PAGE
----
Staunton, December 24 – A proposal by Valentina Matvienko to declare the Soviet government’s 1954 transfer of Crimea from the RSFSR to the Ukrainian SSR “illegal” could “lead to war not only between Ukraine and Russia but practically along the entire perimeter of the present-day Russian Federation, according to Andrey Zubov.
Such a proposal, the historian and commentator says, not only violates international law but also “good sense.” That is because the decision to transfer Crimea was “taken in another state, the Soviet Union, and by two of its republics,” not by the Russian Federation, which did not exist then and thus had no role in it (glavpost.com/post/23dec2014/opinion/9593-andrey-zubov-esli-peredacha-kryma-ukraine-nezakonna-znachit-nezakonny-vse-resheniya-soyuza.html).
Were Moscow to follow Matvienko’s notion, the country would “enter onto the path of absolute legal chaos as far as territorial issues are concerned.” The USSR changed the borders of the republics many times – at least 90 by one count, and thus “if [Moscow] considers [Soviet actions] illegal, then this means that all its actions are illegal – including the establishment of the USSR in 1922.”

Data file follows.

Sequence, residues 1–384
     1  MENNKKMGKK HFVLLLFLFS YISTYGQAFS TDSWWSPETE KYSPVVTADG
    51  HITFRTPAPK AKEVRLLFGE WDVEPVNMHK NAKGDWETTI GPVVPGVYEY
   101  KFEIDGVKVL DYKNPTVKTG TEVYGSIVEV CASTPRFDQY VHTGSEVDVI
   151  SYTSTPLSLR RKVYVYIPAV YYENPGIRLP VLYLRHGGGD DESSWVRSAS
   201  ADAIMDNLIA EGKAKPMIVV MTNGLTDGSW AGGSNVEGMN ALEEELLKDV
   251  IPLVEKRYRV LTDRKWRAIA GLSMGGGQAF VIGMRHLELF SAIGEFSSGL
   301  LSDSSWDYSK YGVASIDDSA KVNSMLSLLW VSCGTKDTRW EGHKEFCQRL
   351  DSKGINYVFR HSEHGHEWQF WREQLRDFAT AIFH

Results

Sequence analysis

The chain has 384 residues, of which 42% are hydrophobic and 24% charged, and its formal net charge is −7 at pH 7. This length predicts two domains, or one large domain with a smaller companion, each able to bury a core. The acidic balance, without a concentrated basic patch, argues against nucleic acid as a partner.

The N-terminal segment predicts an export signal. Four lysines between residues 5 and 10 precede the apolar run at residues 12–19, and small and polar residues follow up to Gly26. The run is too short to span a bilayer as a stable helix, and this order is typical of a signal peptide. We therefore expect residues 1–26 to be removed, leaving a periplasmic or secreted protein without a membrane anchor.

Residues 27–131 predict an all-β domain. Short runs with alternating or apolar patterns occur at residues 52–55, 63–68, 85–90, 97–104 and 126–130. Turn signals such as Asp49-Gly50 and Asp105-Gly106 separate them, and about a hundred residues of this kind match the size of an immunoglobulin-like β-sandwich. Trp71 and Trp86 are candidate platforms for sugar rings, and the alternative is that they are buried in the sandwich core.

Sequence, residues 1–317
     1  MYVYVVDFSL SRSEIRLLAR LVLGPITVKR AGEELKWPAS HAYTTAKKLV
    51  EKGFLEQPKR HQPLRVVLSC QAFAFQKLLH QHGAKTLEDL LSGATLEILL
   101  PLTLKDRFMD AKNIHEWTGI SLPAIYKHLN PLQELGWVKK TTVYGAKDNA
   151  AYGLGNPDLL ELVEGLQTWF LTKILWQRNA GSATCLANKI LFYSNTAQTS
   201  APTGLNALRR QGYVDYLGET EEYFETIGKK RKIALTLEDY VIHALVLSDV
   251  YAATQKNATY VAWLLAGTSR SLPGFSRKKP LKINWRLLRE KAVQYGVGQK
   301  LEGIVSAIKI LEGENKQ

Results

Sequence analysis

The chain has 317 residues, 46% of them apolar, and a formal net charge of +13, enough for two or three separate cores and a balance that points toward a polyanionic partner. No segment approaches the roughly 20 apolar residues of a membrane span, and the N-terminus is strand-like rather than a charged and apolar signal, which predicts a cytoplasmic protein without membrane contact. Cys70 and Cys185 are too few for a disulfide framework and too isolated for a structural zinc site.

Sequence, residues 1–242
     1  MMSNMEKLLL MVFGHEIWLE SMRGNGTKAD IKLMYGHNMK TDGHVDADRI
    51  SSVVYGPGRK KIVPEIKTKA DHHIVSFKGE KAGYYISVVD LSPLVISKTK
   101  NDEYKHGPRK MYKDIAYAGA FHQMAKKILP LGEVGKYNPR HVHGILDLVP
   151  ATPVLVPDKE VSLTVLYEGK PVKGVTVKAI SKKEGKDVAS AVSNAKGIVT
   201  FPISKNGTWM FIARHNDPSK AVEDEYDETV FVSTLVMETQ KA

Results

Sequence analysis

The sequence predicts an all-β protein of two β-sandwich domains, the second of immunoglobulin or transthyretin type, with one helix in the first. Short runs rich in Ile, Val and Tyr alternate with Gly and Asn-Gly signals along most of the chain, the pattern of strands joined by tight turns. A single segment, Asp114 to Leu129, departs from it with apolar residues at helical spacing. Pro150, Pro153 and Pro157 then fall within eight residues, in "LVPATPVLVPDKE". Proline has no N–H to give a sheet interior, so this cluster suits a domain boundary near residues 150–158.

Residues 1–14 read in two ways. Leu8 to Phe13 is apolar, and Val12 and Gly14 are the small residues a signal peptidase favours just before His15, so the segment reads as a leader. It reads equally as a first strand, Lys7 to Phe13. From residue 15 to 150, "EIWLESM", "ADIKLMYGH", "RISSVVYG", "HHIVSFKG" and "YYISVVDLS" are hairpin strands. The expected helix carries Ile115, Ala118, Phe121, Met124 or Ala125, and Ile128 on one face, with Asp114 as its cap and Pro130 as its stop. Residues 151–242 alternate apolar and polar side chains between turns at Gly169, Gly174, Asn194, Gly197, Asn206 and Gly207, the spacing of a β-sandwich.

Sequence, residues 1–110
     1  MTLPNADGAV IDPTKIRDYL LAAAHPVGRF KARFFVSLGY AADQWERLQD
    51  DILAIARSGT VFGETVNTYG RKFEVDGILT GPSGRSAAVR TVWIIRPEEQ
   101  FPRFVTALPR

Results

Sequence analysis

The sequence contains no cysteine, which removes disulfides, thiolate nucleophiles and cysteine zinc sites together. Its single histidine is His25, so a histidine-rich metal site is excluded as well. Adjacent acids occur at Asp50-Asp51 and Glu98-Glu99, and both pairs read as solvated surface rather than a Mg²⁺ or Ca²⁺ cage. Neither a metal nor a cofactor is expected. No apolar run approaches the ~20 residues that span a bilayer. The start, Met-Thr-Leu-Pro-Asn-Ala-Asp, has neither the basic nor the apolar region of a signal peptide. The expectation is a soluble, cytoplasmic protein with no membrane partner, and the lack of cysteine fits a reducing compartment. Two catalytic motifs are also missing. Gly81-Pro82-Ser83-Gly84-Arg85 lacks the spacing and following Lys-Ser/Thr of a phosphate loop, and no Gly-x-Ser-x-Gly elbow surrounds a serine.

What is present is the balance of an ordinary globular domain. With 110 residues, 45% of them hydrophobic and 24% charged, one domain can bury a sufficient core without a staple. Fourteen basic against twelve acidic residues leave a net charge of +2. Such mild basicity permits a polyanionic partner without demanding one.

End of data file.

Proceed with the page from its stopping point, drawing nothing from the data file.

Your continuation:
And even if such a declaration were narrowly drawn, it would inevitably raise questions about how Moscow will proceed in the future, questions that could not fail to agitate the leaders of Belarus and Kazakhstan, Russia’s current allies, not necessarily about occupation but rather about such “legally inadequate attempts” to justify things ex post facto.
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